Sunday, September 30, 2007

Stick a fork in it

THANK GOD: I'm finally done with that essay on Neglected Author. Yeah, the one that I've had all summer to revise. For various reasons, I've had a serious block on this project--more an emotional block than a mental one--and so even though there really wasn't much that I had to do to the thing, every time I thought about it I Just. Couldn't. Deal.

But with the deadline approaching, I dealt.

Most of it was relatively easy. But yesterday I spent FOUR hours and today THREE hours revising exactly two sentences. Over and over and over and over. Does the improvement in the sense of the paragaph equal the time spent working on it? I'm not at all sure.

But I do know there's little in life that's more satisfying than the moment the right wording finally comes to me: "That's it. That's fucking fantastic," I say--trying not to look in the nearest mirror and observe that the fucking fantastic originator of the sentence is still unshowered and in her pyjamas. "Goddamn, that's good."

So yeah. I'd be, like, celebrating if it weren't for the fact that my reappointment materials--all two binders' worth of them--are due tomorrow.

Statement of teaching philosophy, here I come.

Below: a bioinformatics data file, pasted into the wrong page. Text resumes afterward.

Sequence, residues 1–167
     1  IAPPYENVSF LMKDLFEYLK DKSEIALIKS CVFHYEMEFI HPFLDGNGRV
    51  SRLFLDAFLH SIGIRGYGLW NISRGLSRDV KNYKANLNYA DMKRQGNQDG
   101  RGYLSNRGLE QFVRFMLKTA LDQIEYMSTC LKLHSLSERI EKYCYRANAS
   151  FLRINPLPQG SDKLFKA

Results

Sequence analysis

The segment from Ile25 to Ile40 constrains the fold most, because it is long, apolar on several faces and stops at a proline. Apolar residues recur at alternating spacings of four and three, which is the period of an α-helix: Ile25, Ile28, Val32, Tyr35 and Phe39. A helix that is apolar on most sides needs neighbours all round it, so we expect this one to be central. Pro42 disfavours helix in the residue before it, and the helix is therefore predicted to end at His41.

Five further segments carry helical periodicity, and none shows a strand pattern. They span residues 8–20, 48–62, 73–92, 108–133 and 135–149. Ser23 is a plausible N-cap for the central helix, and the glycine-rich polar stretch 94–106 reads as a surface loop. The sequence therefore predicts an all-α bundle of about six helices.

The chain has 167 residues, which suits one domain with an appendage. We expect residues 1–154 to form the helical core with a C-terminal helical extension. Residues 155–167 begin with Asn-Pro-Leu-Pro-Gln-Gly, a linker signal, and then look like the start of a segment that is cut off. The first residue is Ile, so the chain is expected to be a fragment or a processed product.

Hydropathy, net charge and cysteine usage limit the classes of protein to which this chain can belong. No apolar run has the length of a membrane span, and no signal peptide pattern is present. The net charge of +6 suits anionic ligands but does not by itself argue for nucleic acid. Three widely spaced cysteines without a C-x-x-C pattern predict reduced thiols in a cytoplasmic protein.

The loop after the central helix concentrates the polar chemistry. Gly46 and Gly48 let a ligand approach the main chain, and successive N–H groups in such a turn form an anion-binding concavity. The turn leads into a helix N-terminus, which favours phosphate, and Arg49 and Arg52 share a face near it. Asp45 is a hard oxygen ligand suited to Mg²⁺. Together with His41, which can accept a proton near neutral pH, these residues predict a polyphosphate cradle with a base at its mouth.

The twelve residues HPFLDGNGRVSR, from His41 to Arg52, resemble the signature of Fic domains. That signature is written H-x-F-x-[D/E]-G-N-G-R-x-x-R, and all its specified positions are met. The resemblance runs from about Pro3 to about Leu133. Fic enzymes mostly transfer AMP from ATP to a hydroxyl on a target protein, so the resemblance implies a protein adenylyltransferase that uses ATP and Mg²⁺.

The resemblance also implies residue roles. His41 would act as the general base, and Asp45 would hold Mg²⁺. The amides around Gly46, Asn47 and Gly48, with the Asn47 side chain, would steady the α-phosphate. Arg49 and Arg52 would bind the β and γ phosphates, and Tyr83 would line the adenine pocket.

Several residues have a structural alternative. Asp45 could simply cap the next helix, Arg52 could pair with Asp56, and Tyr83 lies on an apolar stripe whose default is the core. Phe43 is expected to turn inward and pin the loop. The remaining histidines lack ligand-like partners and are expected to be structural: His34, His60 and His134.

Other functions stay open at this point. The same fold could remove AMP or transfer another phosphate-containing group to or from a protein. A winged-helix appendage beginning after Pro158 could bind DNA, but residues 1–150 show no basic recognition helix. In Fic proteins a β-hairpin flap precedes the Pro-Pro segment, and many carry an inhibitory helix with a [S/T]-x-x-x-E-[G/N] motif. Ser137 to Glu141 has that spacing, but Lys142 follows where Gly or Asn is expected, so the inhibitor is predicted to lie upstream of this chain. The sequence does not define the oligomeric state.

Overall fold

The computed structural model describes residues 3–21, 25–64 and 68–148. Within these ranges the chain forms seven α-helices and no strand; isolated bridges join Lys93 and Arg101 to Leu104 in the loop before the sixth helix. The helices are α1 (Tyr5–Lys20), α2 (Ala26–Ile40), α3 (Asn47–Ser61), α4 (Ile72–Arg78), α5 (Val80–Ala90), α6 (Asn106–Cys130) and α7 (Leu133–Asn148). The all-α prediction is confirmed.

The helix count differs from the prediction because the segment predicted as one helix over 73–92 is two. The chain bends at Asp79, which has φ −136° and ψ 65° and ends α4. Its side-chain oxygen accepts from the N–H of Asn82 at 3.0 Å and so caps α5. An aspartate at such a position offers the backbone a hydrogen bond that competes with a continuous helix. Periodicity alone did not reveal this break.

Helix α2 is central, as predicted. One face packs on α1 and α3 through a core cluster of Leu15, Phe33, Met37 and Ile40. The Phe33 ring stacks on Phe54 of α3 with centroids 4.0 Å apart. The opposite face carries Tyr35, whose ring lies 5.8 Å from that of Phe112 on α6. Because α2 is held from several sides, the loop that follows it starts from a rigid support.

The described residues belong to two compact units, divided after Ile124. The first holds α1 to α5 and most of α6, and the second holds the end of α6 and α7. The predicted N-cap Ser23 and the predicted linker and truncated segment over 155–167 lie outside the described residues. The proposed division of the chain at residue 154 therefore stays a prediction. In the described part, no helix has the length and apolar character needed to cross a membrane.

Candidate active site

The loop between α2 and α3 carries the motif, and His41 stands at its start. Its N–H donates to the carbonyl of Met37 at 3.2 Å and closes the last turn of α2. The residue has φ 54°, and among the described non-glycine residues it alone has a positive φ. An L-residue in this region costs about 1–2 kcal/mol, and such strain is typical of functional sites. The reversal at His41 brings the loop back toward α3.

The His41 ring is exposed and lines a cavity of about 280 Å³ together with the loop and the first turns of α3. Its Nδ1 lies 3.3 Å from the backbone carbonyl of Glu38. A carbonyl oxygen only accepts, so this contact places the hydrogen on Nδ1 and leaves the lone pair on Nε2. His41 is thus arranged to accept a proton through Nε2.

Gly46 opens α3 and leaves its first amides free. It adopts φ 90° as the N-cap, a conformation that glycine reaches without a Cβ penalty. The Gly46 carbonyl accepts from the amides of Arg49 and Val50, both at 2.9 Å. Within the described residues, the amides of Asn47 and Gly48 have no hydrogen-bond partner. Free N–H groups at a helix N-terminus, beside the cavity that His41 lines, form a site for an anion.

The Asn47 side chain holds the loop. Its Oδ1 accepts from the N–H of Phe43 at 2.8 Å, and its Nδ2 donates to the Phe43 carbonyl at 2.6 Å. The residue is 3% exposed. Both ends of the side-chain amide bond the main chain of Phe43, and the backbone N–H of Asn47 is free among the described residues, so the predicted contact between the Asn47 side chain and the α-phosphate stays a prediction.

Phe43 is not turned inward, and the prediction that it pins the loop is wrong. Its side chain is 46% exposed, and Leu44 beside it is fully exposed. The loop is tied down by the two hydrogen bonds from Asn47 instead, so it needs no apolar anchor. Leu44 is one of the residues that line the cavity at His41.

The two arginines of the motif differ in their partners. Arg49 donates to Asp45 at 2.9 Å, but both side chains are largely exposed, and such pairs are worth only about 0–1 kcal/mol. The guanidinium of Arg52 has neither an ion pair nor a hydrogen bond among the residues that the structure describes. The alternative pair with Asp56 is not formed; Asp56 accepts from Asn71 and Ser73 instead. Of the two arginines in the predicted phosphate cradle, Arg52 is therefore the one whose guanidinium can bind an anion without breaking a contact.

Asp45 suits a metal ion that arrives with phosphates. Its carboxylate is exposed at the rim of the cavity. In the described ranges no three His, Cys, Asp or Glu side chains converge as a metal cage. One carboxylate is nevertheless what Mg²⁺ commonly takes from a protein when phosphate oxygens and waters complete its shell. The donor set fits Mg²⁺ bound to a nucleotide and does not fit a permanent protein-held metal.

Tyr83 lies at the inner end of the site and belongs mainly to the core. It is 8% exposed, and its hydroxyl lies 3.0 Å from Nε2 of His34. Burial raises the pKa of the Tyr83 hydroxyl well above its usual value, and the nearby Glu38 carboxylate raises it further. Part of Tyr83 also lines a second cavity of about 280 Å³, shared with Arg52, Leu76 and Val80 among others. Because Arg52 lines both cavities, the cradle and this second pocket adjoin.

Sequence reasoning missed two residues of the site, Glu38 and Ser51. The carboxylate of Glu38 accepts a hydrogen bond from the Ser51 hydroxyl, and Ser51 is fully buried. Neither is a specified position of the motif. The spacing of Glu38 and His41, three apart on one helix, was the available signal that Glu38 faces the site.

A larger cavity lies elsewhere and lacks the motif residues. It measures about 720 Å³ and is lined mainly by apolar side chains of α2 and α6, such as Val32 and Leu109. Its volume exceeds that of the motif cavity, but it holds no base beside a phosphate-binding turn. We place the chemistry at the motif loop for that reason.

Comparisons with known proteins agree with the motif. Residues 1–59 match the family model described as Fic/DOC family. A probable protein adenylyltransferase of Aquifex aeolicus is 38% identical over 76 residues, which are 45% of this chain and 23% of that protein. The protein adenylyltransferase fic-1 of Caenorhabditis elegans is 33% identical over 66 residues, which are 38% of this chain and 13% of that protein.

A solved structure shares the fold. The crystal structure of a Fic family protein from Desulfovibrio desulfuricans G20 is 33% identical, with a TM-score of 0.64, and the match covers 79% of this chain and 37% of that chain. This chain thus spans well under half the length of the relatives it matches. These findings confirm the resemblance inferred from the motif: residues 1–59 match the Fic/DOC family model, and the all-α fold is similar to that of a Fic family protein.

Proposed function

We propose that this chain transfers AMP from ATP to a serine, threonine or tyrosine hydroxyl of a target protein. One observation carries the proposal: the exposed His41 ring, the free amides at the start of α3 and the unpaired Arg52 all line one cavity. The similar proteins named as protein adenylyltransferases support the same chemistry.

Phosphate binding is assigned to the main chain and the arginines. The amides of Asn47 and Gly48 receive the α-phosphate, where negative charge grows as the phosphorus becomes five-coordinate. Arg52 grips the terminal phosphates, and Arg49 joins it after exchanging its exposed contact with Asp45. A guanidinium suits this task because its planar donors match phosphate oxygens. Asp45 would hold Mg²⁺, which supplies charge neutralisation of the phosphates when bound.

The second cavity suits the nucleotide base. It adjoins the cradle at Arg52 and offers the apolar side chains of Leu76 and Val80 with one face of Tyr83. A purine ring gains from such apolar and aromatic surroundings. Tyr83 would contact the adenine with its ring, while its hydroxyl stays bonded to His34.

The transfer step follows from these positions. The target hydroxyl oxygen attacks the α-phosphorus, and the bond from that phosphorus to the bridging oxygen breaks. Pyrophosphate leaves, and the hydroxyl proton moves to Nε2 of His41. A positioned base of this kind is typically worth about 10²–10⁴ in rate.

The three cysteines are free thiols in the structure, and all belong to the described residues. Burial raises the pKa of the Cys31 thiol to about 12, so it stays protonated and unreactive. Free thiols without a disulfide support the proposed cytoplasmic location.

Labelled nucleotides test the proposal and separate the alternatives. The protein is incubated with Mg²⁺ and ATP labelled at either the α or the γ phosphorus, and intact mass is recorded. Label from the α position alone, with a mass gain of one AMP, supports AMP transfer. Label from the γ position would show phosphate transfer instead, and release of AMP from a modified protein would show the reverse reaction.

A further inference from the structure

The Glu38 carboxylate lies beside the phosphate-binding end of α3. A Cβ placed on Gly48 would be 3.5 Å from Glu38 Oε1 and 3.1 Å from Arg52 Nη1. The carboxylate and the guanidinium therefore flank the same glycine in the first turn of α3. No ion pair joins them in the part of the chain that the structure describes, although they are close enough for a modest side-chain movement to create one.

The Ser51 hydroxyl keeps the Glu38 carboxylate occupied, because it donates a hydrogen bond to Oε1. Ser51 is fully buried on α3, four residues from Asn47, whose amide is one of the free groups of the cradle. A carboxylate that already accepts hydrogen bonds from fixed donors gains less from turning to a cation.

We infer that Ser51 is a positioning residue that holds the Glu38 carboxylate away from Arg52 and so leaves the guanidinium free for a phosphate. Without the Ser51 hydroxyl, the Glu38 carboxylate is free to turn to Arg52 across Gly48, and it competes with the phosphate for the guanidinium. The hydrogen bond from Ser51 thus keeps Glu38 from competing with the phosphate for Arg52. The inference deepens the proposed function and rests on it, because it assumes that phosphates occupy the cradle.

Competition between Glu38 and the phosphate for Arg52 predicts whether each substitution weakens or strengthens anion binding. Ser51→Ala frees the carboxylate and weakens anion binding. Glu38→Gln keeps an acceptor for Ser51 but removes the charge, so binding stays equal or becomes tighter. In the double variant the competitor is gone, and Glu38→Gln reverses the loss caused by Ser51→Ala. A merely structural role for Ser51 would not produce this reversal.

Thursday, September 27, 2007

All or nothing

Sometimes I wonder whether I have, if not a death drive, then at least an impulse toward some of the milder forms of self-annihilation.

How else to explain the way I schedule my life?

In a typical week, I'm on campus Tuesday through Thursday and at home (or just, you know, elsewhere) Friday through Monday. It sounds like a sweet schedule and in many ways it is, especially since on Wednesdays I often don't go in until after noon. But what this means is that I am profoundly ON for several days--and those days are usually long and frantic--and then I'm OFF.

I work during the weekend, of course, but somehow most of my grading and course prep always gets left until Monday and I spend most of that day--and usually until 1 or 2 a.m.--finishing it. On Tuesday I rush to campus, where I spend nine hours (half of them jumping up and down in front of a classroom and the rest trying to be smiley and perky for my office hours or my colleagues), rush home, rush to my Italian class, inevitably have to stop by the grocery store, and finally return home at 10 p.m. looking like I've been beaten with the underside of a toboggan. Wednesday is another day of massive course prep and office hours and the occasional meeting. Thursday is a repeat of Tuesday, sans Italian.